There’s this notion that Fox News viewers are victims.  They’re hapless Americans who have been brainwashed into believing a horrible agenda, and while that may be true for some, for the most part, you have to have a moral compass where Fox News already appeals to you.  It’s not brainwashing; it’s confirmation bias.  If you believe that immigrants are ruining the country, that Democrats are coming to take your guns, and that Obama and the Clintons are the devil, you have a channel that tells you “You’re right!” on a consistent basis.

And I get that.  I listen to Pod Save America because they’re in tune with my liberal viewpoints.  But, as this post shows, I don’t swallow everything they sell me.  The only time Fox News viewers pushed back is when Fox News wasn’t hateful enough.  They wanted Trump.

And that’s a tougher thing to reckon with, so I can understand why Pod Save America would rather turn the blame onto a corporate entity like Fox News rather than the American citizens who comprise Fox News’ viewership.  But if you want to be honest with your listeners, you might need to confront the fact that Fox News isn’t the root of the problem.  They’re a horrible network, bu they’re also profiting off a problem that would exist whether they were around or not.

Friday, July 14th, 2017 criticism, politics No Comments

You Can Care About More Than One Thing (And You’re Going to Have To)

So liberal Twitter today got into an internecine spat about Trump’s comments over Mike Pence being politely addressed by the cast at last night’s showing of Hamilton.  Pence was booed by the audience, and then after the show, actor Brandon Dixon addressed the VP-Elect in a serious but respectful manner.  The following morning, Trump, incensed that anyone would chastise a powerful white guy, said the cast was rude and that they should apologize.  It was Trump being Trump, but it was worth noting his hypocrisy, weakness, and inability to let any slight go by unnoticed.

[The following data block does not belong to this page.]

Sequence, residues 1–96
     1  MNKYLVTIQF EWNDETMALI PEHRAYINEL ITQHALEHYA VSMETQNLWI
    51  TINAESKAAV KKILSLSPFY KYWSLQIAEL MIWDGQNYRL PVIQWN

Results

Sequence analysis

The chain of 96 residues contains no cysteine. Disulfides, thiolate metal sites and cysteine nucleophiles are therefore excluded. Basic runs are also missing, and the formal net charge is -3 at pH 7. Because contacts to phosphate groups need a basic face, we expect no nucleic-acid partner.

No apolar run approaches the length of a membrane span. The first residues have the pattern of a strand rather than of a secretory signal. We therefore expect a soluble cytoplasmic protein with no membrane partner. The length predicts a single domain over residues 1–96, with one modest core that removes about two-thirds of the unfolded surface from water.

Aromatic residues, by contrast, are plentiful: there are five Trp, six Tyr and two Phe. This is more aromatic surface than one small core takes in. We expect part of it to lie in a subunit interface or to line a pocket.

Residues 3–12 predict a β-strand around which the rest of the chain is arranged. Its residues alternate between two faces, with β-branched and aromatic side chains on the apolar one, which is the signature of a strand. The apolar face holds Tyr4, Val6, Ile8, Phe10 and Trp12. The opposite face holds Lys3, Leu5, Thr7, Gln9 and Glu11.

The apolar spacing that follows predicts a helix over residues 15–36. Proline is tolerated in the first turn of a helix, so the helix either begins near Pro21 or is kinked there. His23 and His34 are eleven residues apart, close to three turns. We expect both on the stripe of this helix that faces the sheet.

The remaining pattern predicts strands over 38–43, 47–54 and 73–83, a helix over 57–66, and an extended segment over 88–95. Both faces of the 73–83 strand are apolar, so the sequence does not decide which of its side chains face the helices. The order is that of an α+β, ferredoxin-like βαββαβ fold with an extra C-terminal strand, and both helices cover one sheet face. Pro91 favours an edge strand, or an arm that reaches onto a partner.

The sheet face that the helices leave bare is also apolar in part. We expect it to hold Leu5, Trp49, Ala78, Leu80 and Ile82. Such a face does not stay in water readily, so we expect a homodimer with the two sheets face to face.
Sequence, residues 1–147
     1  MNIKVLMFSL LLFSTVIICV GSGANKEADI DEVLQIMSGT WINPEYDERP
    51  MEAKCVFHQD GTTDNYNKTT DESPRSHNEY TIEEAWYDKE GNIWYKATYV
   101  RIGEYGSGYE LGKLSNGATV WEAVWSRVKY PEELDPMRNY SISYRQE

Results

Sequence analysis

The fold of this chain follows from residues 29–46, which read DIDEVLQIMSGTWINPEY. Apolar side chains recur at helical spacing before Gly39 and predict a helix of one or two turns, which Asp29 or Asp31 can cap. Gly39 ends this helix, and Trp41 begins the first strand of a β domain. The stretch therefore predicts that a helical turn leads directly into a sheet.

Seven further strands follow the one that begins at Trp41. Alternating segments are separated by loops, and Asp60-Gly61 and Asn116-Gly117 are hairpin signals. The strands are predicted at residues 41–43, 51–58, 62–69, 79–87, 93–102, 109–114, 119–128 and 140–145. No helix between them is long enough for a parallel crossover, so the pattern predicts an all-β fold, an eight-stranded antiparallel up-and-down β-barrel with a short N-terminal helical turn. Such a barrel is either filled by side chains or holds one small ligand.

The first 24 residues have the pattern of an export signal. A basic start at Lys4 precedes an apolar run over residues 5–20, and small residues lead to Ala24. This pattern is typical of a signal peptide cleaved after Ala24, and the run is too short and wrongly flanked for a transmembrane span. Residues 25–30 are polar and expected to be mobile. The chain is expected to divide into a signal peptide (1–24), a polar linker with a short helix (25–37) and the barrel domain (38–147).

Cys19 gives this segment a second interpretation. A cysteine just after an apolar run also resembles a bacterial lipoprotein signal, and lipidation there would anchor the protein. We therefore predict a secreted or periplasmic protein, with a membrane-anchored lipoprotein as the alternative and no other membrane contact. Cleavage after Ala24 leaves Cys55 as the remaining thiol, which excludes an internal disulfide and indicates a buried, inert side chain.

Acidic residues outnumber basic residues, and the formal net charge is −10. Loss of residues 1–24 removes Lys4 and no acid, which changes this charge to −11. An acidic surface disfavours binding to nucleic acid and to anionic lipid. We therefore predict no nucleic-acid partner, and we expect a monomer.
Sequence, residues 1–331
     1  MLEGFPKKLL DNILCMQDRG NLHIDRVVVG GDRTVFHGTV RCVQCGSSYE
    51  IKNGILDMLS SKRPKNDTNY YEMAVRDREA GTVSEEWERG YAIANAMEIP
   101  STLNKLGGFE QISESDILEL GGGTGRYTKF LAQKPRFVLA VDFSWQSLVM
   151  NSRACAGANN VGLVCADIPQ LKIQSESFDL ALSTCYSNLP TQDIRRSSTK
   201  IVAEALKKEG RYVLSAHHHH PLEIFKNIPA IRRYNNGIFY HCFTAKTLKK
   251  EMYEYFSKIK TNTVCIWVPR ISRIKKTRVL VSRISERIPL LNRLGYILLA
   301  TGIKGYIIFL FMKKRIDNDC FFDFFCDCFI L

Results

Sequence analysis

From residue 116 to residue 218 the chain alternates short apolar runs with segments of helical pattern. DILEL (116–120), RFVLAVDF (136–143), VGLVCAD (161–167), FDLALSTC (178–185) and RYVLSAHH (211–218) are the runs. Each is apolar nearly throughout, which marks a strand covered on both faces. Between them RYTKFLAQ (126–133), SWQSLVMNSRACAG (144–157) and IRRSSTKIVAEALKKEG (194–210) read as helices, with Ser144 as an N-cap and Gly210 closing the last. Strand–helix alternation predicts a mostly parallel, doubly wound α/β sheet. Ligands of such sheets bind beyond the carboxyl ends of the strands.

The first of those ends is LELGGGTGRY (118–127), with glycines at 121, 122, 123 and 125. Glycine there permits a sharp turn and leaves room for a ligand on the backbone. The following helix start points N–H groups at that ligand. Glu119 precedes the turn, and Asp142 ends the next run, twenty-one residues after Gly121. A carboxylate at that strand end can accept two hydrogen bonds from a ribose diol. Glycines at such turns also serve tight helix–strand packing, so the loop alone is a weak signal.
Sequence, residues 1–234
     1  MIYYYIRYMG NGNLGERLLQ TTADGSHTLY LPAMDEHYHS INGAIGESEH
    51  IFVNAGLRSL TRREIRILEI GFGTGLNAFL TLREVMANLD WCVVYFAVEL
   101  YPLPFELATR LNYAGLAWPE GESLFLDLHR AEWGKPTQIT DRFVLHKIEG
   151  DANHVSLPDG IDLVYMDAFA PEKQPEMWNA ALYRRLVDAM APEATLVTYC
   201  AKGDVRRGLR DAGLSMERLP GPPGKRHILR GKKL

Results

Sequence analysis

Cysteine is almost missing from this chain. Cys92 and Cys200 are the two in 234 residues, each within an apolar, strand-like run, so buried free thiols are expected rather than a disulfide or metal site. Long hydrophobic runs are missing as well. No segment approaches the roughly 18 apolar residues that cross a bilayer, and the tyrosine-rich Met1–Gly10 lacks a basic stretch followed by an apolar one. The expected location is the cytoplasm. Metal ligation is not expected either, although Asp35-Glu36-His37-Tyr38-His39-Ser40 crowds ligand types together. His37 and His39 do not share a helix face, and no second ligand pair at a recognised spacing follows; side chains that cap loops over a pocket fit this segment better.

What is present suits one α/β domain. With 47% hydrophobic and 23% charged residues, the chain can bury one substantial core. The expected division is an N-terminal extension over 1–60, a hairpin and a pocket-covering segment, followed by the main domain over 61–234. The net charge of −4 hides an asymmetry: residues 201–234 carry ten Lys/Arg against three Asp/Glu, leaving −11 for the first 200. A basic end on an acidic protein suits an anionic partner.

Or was it?  There was then a counter uproar saying that people who cared about the Hamilton incident were being distracted from the Trump University fraud settlement and that Trump is getting richer by having foreign diplomats stay in his Washington, D.C. hotel.  Trump was using social media as a distraction so people wouldn’t call him on settling the Trump U scandal even after he had previously promised he would never settle (Trump lied! It’s true!).

So we have liberals chastising liberals over the proper way to respond to which scandals, and saying that this is Trump’s genius strategy: throw so many problems at people that they can’t focus, and he can get away with everything.  There are just a few problems with this.

1) If “Trump Wins by Being on Twitter” was true, then why did his staff force him off of it in the final weeks of the campaign?  “Aides to Mr. Trump have finally wrested away the Twitter account that he used to colorfully — and often counterproductively — savage his rivals,” wrote the New York Times on November 6th.  The more Trump opens his mouth, the more opportunities people have to attack him, and during the campaign, his aides were smart enough to realize that if he could just shut the fuck up for more than two weeks, the news cycle would consume Hillary Clinton.  (This, by the way, is not the sole reason Clinton lost)

2) Trump may have a lot of issues, but it’s not your place to tell people what they can and can’t care about. People are scared and hurting right now, and trying to police that outrage is sanctimonious and counter-productive.  Let’s go back to the campaign, and assume that if all liberals had just focused on one issue to the neglect of all others, then Trump would have lost.  So what issue should it have been?  His sexist comments?  His racist comments? His lack of political experience? His dealings with Russia?  The Trump University fraud?  Who gets to decide what’s important to everyone?  Do you want to be the one who tells a woman who was sexually assaulted, “Hey, it’s rough, but we’ve got to keep the focus on his ties to Russia.”  Do you want to tell the Muslim man, “I know he wants to criminalize being Muslim, but we can only care about his sexual assault charges.”